Where will your retirement money come from? If you’re like most people, qualified-retirement plans, Social Security, and personal savings and investments are expected to play a role. Once you have estimated the amount of money you may need for retirement, a sound approach involves taking a close look at your potential retirement-income sources.
One of the most common questions people ask about Social Security is when they should start taking benefits.
This investment account question is vital and answered as early as possible.
Some people wonder if Social Security will remain financially sound enough to pay the benefits they are owed.
However exciting retiring abroad may sound, it deserves considerable planning.
Workers 50+ may make contributions to their qualified retirement plans above the limits imposed on younger workers.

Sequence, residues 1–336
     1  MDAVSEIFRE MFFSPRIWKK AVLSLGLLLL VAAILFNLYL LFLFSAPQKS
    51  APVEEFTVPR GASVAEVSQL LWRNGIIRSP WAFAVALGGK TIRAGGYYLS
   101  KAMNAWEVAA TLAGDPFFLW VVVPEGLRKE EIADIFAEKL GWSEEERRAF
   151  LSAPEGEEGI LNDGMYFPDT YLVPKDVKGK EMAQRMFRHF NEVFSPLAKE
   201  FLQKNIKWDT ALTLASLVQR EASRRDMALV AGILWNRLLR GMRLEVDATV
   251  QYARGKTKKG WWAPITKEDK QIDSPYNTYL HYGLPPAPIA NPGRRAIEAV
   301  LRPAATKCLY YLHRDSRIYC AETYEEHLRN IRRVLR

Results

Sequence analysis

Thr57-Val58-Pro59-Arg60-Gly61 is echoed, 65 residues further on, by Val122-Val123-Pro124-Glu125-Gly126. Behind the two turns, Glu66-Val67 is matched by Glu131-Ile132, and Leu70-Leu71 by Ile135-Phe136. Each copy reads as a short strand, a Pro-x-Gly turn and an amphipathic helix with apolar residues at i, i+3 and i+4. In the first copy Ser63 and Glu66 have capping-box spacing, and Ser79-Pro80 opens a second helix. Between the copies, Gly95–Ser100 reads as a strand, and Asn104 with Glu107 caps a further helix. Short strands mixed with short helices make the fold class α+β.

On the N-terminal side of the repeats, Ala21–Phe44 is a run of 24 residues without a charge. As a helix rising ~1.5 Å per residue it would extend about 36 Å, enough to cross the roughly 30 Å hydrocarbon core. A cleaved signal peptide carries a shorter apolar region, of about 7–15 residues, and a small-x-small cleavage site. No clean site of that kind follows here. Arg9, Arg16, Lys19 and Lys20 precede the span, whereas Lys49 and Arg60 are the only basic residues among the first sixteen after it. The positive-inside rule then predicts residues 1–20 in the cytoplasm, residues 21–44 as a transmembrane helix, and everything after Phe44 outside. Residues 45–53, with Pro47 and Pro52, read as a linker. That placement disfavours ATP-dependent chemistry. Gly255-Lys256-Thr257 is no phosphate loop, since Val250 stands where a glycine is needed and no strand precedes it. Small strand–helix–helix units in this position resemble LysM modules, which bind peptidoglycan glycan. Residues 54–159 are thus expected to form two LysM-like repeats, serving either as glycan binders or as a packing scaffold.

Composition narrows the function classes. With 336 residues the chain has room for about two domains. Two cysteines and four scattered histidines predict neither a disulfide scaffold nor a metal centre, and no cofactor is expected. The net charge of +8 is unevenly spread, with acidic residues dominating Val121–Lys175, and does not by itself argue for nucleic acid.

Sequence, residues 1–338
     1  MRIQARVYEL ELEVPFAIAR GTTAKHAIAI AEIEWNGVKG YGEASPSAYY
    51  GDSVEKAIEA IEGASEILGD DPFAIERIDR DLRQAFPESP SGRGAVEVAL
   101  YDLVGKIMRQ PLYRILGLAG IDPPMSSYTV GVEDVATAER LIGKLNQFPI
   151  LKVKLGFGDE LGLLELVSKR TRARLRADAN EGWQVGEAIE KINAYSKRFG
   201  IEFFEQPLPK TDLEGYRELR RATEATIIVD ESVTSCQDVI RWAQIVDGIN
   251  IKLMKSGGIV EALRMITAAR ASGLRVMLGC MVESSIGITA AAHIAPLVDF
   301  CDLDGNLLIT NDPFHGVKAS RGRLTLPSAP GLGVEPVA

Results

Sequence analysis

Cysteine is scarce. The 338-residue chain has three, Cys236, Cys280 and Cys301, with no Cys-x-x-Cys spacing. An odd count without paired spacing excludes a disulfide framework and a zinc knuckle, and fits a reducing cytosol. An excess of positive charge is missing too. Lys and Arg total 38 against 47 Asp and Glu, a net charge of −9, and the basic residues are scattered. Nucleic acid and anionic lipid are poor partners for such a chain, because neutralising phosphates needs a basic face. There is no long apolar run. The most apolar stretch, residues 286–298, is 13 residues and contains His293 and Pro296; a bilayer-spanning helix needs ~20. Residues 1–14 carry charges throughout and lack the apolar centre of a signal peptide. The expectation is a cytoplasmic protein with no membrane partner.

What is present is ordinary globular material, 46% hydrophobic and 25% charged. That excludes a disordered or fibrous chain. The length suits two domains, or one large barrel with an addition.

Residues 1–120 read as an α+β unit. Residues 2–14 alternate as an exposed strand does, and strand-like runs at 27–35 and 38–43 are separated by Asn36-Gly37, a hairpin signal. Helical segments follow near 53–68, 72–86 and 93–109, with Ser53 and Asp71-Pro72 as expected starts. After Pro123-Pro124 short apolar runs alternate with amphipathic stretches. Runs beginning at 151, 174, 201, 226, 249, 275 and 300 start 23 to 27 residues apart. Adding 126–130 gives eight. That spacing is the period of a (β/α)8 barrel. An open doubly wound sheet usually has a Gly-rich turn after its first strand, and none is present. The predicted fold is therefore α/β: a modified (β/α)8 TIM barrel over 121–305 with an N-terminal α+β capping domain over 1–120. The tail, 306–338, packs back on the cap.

For many, retirement includes contributing their time and talents to an organization in need.
This calculator compares a hypothetical fixed annuity with an account where the interest is taxed each year.
Estimate your monthly and annual income from various IRA types.
Help determine the required minimum distribution from an IRA or another qualified retirement plan.
This calculator may help you estimate how long funds may last given regular withdrawals.
This calculator compares employee contributions to a Roth 401(k) and a traditional 401(k).
Estimate the maximum contribution amount for a Self-Employed 401(k), SIMPLE IRA, or SEP.
There are three things to consider before dipping into retirement savings to pay for college.
What does your home really cost?
Here are five facts about Social Security that might surprise you.
There are a lot of misconceptions about Social Security. Here’s the truth about three of them.
There’s an alarming difference between perception and reality for current and future retirees.
Why are 401(k) plans, annuities, and IRAs so popular?